Constitution Day Address: (Student Opinion)

By: Andre Chang

September 17th, 2022 will mark the 235th anniversary of the US Constitution of 1787. The fact that our constitution was able to exist for 235 years is a significant achievement that should not be understated. In fact, we are the longest-standing democracy in the world with Switzerland in second trailing at just 174 years. This feat ought to compel us to ask the question: how? The US Constitution has undoubtedly had its fair share of challenges intellectually, politically, and militarily and every crisis has seen Americans rise up to the challenge and it is likely that similar crisis that our generation or our posterity must grapple with. Both fortunately and unfortunately, we can take solace in knowing that the crisis before us is not unprecedented.


Every challenge raised against the constitution can always be sourced on the grounds of our nation’s willful ignorance of constitutionalism. Constitutionalism does not simply mean constitutional law but is instead a theoretical doctrine enshrined in our polity. To these ends, it is not just a list of Supreme Court decisions or a list of words in the 1787 Constitution to memorize but rather a set of eternal principles that establishes the legitimacy of government. The Constitution can only serve to justly empower the government when the principles of justice are made inseparable from its very foundations of power. The issue, therefore, arises, that when the eternal principles of constitutionalism can be treated as malleable and inconvenient roadblocks, then there is no rational distinction between constitutional law and statute law.

Given that the basis of statute law is government for it is a government that creates it, we must then ask what the basis of constitutional law will be when we erase this distinction. If we do allow the government to be both the basis and thus ultimate arbitrator of constitutional and statute law, then on what grounds can we constrain the injustice of our own government’s actions? If we see our eternal principles as replaceable, then does that not mean that government can arbitrarily redefine the social contract and subsequently, the rights of the American people? If we fail to uphold constitutionalism, can the constitution continue to restrain government from replacing the consent of the governed with the consent of the governing?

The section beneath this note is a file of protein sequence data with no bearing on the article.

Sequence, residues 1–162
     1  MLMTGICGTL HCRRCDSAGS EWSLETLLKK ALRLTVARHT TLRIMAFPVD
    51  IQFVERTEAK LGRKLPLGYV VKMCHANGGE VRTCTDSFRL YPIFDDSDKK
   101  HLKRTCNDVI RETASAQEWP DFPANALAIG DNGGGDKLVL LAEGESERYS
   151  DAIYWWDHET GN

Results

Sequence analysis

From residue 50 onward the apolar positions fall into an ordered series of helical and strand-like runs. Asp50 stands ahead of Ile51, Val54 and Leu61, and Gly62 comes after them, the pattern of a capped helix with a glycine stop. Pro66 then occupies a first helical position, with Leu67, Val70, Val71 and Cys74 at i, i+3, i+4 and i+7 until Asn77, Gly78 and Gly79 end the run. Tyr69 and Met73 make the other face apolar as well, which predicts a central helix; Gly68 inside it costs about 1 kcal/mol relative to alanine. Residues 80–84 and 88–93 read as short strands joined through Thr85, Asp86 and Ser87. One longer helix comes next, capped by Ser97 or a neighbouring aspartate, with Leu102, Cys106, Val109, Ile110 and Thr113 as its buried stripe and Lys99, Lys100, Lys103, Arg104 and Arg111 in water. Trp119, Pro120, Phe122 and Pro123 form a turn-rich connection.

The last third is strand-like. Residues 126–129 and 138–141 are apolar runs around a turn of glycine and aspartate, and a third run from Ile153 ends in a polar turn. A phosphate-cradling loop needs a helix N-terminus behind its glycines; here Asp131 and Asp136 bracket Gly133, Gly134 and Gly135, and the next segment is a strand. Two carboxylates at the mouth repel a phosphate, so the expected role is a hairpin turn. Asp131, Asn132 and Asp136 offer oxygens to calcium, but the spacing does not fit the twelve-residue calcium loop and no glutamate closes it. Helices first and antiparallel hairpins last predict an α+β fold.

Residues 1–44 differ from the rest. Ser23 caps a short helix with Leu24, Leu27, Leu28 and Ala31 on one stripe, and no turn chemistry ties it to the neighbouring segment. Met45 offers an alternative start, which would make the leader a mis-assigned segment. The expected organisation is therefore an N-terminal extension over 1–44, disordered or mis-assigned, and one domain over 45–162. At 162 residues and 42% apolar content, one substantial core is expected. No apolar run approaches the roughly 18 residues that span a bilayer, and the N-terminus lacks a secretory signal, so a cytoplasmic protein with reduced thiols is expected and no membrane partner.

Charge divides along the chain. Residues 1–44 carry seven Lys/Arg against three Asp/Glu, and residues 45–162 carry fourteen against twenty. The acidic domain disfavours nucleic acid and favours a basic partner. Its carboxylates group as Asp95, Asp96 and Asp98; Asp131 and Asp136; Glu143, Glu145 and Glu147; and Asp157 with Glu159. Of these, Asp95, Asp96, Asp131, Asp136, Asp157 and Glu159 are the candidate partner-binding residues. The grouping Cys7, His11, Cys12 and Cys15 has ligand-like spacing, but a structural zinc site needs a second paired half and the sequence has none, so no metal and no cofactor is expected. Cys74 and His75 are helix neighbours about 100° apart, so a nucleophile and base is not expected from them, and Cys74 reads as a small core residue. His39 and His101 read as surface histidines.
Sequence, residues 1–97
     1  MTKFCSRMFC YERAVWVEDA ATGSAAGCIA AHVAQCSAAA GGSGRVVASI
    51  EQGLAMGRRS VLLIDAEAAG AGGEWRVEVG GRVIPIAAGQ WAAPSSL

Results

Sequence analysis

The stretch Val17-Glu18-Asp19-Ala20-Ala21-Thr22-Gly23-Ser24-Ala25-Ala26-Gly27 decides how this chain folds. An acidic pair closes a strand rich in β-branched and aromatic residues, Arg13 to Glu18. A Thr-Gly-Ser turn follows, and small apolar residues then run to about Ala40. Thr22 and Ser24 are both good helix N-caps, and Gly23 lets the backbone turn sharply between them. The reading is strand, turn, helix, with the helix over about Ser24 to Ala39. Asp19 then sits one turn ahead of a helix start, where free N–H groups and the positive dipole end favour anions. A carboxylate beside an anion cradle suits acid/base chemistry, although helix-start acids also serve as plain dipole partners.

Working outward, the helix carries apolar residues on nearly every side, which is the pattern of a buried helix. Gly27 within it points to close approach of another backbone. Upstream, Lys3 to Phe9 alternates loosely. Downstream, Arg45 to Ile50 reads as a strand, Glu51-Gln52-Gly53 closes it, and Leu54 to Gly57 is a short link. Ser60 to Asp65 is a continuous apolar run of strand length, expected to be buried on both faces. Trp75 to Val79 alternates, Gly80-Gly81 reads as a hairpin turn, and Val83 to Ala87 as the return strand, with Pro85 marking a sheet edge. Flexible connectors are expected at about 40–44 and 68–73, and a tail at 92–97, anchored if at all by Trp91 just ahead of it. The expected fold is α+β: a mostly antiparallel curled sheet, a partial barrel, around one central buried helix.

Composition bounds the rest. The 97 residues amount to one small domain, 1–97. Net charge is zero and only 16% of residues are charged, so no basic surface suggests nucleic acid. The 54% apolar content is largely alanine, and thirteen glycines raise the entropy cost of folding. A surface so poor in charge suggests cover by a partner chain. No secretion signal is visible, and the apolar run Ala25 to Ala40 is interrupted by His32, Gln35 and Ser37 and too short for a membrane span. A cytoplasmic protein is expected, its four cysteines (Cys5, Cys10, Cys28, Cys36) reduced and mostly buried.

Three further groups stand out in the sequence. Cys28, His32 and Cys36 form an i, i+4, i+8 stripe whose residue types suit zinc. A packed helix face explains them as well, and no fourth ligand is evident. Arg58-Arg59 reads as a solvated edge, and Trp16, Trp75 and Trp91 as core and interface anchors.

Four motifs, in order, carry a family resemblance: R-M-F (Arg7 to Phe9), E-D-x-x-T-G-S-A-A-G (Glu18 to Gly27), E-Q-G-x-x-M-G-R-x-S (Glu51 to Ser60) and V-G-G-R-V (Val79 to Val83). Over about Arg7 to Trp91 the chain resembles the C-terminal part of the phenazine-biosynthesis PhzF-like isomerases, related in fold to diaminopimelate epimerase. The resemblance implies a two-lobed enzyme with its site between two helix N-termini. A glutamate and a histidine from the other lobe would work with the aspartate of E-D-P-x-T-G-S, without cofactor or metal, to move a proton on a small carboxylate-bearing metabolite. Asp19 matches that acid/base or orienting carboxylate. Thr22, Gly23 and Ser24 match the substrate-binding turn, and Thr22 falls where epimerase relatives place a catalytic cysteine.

These ominous consequences arise for a reason and that is because a constitution only has value when it is seen as something antecedent to government rather than a product thereof. James Madison writes in Federalist 51, “ In framing a government which is to be administered by men over men, the great difficulty lies in this: you must first enable the government to control the governed; and in the next place oblige it to control itself.” The word, oblige, is a keyword in this quote for it is essential to our understanding of the meaning of this fundamental sentiment for there must be a compelling force that transcends both the government and the governed. It is imperative that we as Americans rediscover the basis upon which our Constitution of 1787 was founded. Any appreciation of our foundational documents allows us to see that the basis of the US Constitution lies not in the social sciences of historical and moral relativism but rather in the immutable truths of the laws of nature thus forming our moral understanding of individual rights.

Pictured is the deciding victory at the siege of Yorktown, ending the revolutionary war


Consequently, the only reason why anyone ought to consent to the government is that it is expected to secure those rights. The people that we have elected to make the laws are people too, neither beasts nor angels, and we must take this into account when deciding how laws are made, executed, and interpreted. We cannot afford to treat government or the notions of political justice with apathy. Lincoln warns us all of such an occurrence in the first of his Lincoln-Douglas Debates of 1858, “I hate indifference to slavery because of the monstrous injustice of slavery itself. I hate it because it deprives our republican example of its just influence in the world-enables the enemies of free institutions, with plausibility, to taunt us as hypocrites-causes the real friends of freedom to doubt our sincerity, and especially because it forces so many really good men amongst ourselves into an open war with the very fundamental principles of civil liberty-criticizing the Declaration of Independence, and insisting that there is no right principle of action but self-interest.”


Self-interest and apathy to the moral conditions and ends of politics will drive our Constitution to extinction if left unabated, combated only by the spirit of constitutionalism. Recovery of our US Constitution however first requires at a minimum, an understanding, and appreciation of our relationship to the eternal and immutable principles of reason and natural law. Rather than viewing the past with blind skepticism, we should instead approach the subject with an openness to consider what the Founding Fathers had considered to be their guiding principles as not rooted solely in their historical time period but instead in the constitution of nature for all generations to see. Perhaps then, the propositions in our Declaration of Independence and the US Constitution might indeed be true, and provided that reason does not have an expiration date, the arguments that animated the nation then, can animate us as a nation now.


Happy Constitution Day!

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